LANSING — The state education department may not move ahead on a new public school accreditation system that it says is necessary to hold schools accountable for their performance, a judge ruled Thursday, according to the Detroit Free Press.

Judge Paula Manderfield granted a temporary injunction barring the Michigan Department of Education from implementing the new system, which would evaluate schools based on standardized test scores, graduation rates, teacher certification and other factors, the Free Press reported. The current system also considers test scores, but allows school districts to self-evaluate themselves on a number of other factors.

The Middle Cities Education Association and other plaintiffs sued the MDE over the new system, saying it was not properly approved by the House and Senate education committees, the Free Press reported, and the judge granted their request for an injunction.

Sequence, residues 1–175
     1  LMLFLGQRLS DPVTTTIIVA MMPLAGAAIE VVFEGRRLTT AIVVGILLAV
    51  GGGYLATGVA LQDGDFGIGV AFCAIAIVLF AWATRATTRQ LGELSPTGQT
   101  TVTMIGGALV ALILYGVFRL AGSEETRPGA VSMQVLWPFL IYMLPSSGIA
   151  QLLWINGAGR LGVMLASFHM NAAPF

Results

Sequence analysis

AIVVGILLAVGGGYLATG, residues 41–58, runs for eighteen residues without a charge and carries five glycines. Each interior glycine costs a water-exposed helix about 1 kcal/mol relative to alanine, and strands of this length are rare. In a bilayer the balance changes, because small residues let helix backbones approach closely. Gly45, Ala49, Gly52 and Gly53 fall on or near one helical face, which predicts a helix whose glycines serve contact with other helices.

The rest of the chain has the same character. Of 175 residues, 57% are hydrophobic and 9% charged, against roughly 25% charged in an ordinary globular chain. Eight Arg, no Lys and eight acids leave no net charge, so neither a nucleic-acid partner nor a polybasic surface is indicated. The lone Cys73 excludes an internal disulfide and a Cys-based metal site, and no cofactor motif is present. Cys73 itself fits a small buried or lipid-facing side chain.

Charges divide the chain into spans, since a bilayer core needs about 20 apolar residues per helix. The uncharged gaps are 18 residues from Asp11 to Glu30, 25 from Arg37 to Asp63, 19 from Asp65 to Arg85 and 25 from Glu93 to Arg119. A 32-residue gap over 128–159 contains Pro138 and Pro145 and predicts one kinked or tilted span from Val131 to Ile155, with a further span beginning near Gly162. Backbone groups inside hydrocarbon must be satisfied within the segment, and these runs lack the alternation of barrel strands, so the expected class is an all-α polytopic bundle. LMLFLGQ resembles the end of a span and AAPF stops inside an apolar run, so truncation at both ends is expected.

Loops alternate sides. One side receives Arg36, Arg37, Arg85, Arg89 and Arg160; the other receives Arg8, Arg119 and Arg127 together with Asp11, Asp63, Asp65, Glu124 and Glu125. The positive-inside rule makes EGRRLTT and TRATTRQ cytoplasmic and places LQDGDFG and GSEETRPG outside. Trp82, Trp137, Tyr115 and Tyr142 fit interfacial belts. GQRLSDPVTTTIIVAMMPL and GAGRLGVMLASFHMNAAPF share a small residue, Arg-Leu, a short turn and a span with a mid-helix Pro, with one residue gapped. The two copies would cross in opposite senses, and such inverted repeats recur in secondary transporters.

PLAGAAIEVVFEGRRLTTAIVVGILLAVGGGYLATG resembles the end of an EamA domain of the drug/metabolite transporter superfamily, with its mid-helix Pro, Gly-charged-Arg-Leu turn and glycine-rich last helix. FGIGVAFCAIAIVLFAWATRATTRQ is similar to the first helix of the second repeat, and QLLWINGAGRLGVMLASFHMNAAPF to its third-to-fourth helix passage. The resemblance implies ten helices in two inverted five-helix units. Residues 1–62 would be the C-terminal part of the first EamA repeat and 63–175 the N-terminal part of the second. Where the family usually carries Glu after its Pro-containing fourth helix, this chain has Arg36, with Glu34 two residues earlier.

Some school districts are expected to lose accredited status under the new system, the report said.

“We are currently going through the legislative process for approval,” Jan Ellis, spokeswoman for the department, told the Free Press Thursday.

“We need a new system that will shine the ‘light of day’ on schools that are doing well and hold accountable those that are not,” Ellis said in an e-mailed response, the Free Press reported.

SOURCE:
Detroit Free Press, “Lansing judge blocks Michigan school accreditation system,” March 3, 2011

FURTHER READING:
Michigan Capitol Confidential, “State Gives Failing Schools Perfect Grades for Paperwork,” Aug. 27, 2010

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